Cheng Ho deserves better than this.
After coming to the United States not knowing English, let alone football, he helped Harvard to back-to-back Ivy League titles in 2007 and 2008. With all the odds he’s already overcome, the senior running back deserves better than to watch his career end with a lisfranc (mid-foot) sprain suffered last week during practice.
But true to form, Cheng Ho refuses to say goodbye to the team and the sport that have meant so much to him. He comes to practice and meetings early every day, gets fully dressed for every practice and does everything he can to rehab his foot. If he is to spend the last three games of his college career on the sideline, he will not be sulking in a corner. He will wear his heart on his sleeve, just as he has done throughout his career.
“Cheng Ho has to be hands down the most influential vocal leader on the team,” junior receiver Marco Iannuzzi says. “Everyone knows it. If you’ve seen him on the sideline, he gets jacked up, and he gets everyone around him jacked up.”
Ho learned to play with emotion as a nine-year-old basketball player in Taiwan, putting in two-a-days year round for three-straight years.
“If it wasn’t because of [my basketball coach], I probably wouldn’t be able to play a sport at this level,” Ho says. “There would be drills where we would do suicides—conditioning drills—and he wanted people to scream as loud as they could, [to have] the mentality of a warrior. I kind of enjoyed that.”
Ho’s warrior mentality has been evident throughout his Harvard career. As a freshman, he managed to make a name for himself playing behind then Ivy League all-time leading rusher Clifton Dawson ’07.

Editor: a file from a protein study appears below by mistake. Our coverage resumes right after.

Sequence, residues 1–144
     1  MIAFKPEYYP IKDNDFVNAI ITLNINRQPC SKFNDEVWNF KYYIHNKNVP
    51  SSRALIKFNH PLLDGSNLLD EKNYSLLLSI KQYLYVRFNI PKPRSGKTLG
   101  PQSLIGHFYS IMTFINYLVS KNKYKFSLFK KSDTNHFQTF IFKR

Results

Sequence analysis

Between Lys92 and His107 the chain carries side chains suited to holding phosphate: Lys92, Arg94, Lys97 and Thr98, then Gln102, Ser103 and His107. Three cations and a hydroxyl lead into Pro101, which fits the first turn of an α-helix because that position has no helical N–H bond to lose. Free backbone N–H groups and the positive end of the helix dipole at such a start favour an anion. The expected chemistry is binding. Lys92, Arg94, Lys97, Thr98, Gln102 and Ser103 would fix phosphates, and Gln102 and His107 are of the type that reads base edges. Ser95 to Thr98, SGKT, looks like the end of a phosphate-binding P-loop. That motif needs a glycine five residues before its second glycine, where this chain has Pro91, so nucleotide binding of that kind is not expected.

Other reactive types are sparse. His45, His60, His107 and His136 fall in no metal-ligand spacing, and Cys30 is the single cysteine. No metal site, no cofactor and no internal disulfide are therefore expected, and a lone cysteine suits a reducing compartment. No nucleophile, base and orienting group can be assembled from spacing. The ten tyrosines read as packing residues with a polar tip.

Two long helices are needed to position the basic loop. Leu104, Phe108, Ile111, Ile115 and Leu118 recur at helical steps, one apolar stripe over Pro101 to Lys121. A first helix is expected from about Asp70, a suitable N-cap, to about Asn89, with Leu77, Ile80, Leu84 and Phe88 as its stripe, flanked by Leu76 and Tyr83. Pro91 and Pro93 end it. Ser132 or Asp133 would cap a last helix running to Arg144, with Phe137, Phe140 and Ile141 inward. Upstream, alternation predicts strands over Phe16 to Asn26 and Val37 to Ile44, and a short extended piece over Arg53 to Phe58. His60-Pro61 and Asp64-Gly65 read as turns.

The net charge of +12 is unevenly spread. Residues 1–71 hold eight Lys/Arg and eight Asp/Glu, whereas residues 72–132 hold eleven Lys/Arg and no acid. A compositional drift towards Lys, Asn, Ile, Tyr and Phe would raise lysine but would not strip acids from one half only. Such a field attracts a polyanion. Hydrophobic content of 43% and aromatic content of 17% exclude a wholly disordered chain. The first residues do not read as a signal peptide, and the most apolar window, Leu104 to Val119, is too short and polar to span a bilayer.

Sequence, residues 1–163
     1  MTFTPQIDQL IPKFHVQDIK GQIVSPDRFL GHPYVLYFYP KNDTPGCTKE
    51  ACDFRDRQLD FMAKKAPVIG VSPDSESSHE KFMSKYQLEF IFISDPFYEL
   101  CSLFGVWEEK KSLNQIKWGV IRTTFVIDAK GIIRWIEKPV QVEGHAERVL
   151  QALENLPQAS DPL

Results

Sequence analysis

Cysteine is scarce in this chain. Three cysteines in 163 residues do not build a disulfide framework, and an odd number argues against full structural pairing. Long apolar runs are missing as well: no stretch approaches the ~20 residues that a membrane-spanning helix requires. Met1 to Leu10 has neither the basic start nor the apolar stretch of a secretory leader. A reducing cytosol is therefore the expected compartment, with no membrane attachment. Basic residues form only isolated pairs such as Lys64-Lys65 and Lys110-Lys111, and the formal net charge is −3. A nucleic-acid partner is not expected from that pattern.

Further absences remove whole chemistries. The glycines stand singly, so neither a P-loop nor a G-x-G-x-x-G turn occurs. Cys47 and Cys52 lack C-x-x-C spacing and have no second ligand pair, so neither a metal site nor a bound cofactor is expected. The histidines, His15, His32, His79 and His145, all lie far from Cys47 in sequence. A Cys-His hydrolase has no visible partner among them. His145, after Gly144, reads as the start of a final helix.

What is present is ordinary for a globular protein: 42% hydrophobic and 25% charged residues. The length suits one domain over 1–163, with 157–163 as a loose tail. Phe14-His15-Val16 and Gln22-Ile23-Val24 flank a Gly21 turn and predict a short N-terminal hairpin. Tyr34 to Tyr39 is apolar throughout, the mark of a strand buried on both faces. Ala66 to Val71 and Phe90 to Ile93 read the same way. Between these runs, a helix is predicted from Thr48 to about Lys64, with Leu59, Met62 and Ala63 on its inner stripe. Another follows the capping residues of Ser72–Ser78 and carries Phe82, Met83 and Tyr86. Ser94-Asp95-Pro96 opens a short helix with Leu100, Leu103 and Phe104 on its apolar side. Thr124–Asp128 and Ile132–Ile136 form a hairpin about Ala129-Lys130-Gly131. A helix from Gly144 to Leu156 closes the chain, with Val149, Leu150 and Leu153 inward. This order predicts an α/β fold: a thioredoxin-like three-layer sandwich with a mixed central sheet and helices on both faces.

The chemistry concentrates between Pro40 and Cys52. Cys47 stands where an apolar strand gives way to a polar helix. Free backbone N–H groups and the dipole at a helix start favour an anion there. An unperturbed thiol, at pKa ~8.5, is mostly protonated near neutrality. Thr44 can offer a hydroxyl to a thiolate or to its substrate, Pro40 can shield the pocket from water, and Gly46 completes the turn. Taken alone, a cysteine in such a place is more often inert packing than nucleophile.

“Initially when coming in [as a freshman], I was willing to do anything to get on the playing field no matter what,” Ho says. “Having a guy like Clifton right in front of me was just a tremendous experience.”
The freshman wasn’t shy about seeking out Dawson’s advice, something he continues to do to this day.
“He’s extremely coachable, that’s one of his best characteristics,” Dawson says. “It was a pleasure not only playing with him but helping him after my career was done to become the outstanding player he is today.”
The year after Dawson graduated, Ho came into his own. As a sophomore, he teamed with then junior Chris Pizzotti ’09 to lead the team to an undefeated league record and the Ivy Title.
“I wanted to make up for the offense that Clifton had been able to produce,” Ho recalls. “I was very very hungry to do well; fortunately we have a great offensive line for me to do that.”
No one outside the team expected much from the Crimson. Dawson had graduated, quarterback Liam O’Hagan was hurt, and Yale was rumored to have an unstoppable team.
But Ho and Pizzotti emerged as marquee players and built momentum throughout the season, while the heralded Bulldogs were beating their opponents by decreasing margins. On Nov. 17, 2007, Harvard defeated Yale, 37-6, and Ho led the team in rushing with 63 yards.
“It’s just hard to describe,” Ho says. “Afterward it’s kind of an emotional moment, obviously it was very fulfilling at the same time.”